Test System Setup
- AMD Athlon 64 3800+, 4000+, and FX-55 processors
- MSI K8N Neo2 motherboard (nForce 5.10)
- 1 GB (2 x 512 MB) Corsair XMS PC3200 DDR RAM
- VisionTek 9800 Pro 128 MB (Catalyst 4.9 drivers)
- Adaptec 19160 SCSI controller
- 36 GB Seagate Cheetah 15,000 RPM HD (NTFS)
- Windows XP Professional – Service Pack 2
- DirectX 9.0c
The benchmark suite used to test the Athlon 64 3800+, 4000+, and FX-55 is listed here. All games are configured for 32-bit color and trilinear texture filtering as the baseline default. Anti-aliasing and anisotropic texture filtering are, of course, disabled throughout all tests. Windows XP is also configured to have Automatic Update, System Restore, and all unnecessary startup services disabled. Fraps v2.3.2 was used to record performance scores unless otherwise noted. However, because a faster AGP graphics board was not available for use in the test system, in-game options for each title were changed to lower, less demanding graphics settings to keep the 9800 Pro from becoming a performance bottleneck and thus preventing the tested processors from differentiating themselves. Once PCI Express chipsets for AMD systems become available here in the near future, this will no longer be an issue since SimHQ’s ‘hardware lab’ has several high-end PCIe graphics boards available for testing.
Scores for the Athlon 64 3800+ in this review are not comparable to those from SimHQ’s original review of the CPU because, as mentioned above, testing was conducted with lower in-game settings, updated Catalyst drivers from ATI were used, and a different motherboard, MSI’s K8N Neo2, which is based on NVIDIA’s nForce 3 Ultra chipset, was installed in the test system; the 3800+ review’s test system used ASUS’ A8V Deluxe mainboard, based on VIA’s K8T800 Pro chipset.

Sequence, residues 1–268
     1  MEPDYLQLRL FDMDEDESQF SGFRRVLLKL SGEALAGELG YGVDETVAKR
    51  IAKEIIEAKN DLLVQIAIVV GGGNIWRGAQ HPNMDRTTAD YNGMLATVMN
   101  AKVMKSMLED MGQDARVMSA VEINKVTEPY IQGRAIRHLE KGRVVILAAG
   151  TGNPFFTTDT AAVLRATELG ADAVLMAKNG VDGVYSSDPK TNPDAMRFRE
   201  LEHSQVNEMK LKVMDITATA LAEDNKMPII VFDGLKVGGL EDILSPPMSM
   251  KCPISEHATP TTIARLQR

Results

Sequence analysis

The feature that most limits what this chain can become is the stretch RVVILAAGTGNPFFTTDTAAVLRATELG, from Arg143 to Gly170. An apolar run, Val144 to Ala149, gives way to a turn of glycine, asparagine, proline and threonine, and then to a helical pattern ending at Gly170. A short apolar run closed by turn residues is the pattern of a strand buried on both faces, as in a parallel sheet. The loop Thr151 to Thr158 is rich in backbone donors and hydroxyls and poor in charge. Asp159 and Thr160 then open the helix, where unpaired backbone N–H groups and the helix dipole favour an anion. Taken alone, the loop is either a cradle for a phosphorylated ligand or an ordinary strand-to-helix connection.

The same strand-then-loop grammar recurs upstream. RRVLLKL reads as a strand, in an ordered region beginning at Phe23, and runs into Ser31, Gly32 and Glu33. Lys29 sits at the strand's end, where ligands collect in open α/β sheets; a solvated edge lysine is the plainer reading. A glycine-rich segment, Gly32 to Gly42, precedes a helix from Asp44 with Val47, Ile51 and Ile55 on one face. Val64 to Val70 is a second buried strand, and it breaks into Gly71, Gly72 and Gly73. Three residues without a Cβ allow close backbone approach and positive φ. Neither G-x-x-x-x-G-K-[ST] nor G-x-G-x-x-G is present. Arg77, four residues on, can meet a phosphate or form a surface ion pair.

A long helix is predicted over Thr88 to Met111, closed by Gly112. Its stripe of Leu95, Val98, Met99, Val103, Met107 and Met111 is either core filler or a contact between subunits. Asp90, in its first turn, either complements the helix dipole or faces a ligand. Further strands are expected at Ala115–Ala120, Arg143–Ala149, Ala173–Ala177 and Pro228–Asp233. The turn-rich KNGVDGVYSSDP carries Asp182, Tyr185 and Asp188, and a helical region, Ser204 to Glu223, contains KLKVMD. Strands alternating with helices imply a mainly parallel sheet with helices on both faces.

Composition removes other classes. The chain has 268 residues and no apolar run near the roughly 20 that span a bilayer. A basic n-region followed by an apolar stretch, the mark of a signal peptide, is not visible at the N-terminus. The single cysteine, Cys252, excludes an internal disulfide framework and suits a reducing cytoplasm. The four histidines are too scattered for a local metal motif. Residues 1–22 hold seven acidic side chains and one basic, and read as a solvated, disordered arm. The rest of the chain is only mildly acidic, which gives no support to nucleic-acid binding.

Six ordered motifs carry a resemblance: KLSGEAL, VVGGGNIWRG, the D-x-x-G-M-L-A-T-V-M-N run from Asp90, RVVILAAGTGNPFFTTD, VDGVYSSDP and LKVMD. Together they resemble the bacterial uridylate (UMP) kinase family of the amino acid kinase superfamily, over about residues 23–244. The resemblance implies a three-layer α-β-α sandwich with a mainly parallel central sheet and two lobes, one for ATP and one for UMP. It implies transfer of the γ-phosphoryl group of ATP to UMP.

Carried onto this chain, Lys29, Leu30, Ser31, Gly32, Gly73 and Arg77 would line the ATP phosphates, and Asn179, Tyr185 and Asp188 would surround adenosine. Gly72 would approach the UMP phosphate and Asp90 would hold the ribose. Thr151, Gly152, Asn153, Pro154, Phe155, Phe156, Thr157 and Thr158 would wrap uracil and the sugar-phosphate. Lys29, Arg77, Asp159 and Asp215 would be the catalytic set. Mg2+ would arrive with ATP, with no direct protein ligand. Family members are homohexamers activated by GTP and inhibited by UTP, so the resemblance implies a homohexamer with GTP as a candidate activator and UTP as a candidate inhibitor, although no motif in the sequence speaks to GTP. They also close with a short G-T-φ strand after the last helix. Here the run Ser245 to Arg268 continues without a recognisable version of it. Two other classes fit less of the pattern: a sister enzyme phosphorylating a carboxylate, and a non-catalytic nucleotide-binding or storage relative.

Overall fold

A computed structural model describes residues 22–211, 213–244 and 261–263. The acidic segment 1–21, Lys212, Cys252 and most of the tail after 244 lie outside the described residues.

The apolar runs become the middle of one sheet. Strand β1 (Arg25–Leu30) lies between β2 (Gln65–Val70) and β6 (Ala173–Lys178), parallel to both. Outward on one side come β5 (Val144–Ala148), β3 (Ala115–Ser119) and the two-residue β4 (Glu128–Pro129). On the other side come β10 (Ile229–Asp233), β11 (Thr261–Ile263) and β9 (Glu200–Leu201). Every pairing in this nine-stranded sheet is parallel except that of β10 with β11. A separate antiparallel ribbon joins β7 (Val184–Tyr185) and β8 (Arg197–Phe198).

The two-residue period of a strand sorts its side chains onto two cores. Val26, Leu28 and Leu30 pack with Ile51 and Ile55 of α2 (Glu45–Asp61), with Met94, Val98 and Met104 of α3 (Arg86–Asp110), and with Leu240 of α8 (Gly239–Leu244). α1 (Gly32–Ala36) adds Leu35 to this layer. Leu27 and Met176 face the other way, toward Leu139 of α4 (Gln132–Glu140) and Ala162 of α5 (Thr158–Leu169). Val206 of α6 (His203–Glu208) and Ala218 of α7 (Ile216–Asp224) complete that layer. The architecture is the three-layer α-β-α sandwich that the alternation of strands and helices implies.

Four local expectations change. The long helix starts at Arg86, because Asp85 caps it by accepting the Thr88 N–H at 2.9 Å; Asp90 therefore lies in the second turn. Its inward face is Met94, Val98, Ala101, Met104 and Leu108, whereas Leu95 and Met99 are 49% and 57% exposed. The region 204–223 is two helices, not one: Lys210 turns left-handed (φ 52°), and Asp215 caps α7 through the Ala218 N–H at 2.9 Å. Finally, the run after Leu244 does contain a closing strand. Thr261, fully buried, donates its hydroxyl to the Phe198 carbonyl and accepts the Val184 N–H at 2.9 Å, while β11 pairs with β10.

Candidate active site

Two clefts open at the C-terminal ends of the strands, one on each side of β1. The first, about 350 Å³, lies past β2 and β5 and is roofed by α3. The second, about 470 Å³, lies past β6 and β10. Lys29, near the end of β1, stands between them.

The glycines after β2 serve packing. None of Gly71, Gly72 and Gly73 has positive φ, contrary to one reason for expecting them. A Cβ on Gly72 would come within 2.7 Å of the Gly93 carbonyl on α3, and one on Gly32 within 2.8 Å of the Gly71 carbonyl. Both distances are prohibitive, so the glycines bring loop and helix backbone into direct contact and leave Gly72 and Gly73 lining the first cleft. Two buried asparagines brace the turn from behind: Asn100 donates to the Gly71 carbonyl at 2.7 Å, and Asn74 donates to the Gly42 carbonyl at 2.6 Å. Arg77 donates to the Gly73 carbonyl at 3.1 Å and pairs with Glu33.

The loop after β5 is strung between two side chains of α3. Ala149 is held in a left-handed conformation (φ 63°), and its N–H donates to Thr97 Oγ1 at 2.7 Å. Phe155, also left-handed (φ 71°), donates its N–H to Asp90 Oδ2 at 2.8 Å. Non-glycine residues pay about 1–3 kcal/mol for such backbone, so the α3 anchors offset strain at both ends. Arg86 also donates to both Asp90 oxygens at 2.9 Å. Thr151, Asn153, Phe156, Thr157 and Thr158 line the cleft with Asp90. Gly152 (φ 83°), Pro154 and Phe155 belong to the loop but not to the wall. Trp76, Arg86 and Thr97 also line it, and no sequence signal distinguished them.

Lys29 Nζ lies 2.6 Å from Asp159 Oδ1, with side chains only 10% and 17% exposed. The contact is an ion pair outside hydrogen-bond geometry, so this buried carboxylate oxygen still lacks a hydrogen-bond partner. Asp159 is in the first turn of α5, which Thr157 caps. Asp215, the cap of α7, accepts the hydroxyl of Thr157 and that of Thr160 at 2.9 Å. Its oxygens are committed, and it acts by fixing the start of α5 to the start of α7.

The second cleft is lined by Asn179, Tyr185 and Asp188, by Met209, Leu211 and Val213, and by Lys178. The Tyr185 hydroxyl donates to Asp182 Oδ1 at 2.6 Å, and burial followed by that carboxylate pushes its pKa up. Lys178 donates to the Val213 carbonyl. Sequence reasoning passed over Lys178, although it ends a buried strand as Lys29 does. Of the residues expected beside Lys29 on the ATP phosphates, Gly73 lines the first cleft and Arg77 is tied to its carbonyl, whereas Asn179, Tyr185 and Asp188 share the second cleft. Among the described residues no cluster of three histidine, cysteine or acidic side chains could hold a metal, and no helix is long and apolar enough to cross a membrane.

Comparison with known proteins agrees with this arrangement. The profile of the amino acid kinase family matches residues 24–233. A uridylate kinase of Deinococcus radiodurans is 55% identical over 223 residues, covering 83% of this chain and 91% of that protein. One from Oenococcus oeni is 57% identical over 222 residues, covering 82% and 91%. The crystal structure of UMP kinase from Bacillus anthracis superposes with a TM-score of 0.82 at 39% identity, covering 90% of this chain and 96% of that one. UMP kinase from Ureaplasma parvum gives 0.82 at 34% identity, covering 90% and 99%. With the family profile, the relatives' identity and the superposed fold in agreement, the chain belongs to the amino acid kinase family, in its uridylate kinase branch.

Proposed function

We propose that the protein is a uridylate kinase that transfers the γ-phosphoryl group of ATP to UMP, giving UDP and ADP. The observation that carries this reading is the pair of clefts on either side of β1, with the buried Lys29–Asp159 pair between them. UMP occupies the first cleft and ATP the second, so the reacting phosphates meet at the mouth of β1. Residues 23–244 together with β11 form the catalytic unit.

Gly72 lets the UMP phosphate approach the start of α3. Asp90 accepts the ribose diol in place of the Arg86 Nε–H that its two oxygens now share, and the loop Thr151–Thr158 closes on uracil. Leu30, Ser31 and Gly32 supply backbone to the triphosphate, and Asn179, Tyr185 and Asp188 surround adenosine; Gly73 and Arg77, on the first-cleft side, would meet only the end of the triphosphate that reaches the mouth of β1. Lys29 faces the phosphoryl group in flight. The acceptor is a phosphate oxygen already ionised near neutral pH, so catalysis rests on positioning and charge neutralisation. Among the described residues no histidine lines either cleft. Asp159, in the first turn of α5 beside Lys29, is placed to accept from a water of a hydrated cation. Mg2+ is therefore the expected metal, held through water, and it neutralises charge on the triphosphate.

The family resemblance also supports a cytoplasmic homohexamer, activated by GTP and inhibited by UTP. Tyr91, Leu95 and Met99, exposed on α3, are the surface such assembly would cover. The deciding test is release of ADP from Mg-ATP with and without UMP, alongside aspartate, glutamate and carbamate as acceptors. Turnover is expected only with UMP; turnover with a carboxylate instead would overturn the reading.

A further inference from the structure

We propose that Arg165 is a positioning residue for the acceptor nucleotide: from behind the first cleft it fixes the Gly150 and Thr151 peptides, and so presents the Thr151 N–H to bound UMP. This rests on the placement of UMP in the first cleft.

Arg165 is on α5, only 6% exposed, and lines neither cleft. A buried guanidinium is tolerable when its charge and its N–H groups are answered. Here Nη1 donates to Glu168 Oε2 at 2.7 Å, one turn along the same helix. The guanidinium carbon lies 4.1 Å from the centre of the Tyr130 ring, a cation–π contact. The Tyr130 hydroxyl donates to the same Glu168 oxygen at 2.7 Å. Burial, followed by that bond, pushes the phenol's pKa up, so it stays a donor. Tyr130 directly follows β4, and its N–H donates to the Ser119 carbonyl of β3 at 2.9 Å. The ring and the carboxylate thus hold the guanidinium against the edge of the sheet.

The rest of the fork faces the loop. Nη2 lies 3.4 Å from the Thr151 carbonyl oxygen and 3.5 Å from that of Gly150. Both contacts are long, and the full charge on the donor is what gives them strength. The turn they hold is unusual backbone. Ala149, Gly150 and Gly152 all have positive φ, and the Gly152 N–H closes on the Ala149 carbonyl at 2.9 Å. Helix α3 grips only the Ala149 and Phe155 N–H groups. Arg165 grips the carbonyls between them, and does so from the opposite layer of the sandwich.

The Comanche 4 benchmarking demo was run with texture compression and hardware shaders enabled and sound disabled.
A piece of software that has traditionally scaled very closely with CPU speed, the C4 demo displays a consistent performance increase for each resolution and processor. In fact, the FX-55 is the first CPU to break the 80+ frame rate barrier in SimHQ’s testing.
Lock On: Modern Air Combat was tested using the first three minutes of the MiG-29 Intercept demo. The in-game graphics default setting of low was applied in the hopes of keeping the 9800 Pro card from becoming a performance choke-point in the test system.
Without a doubt the graphics card is refusing to allow LOMAC to scale with processor changes.
Next is Microsoft’s Flight Simulator 2004, the ruling king of civilian aviation simulation. Testing consisted again of SimHQ’s dusk flight over the city of Hong Kong, with an external camera view positioned behind the aircraft. The game’s display settings were placed at medium low and all box options were unchecked.
Unfortunately, in the effort to prevent the slower graphics card from bottlenecking the test systems, FS 2004 appears to have capped itself at 100 fps. The in-game frame rate option was set to Unlimited and the display’s refresh rate was not set at 100 Hz. Further experimentation with in-game graphics settings, such as placing each sub-section at high, still saw the frame rate pegged at 100; in fact, not until the hardware options were placed at near-maximum settings did the frame rate begin to drop.
SimHQ will continue experimenting with FS 2004 in an effort to find a combination of settings that allow the simulation to scale with system changes.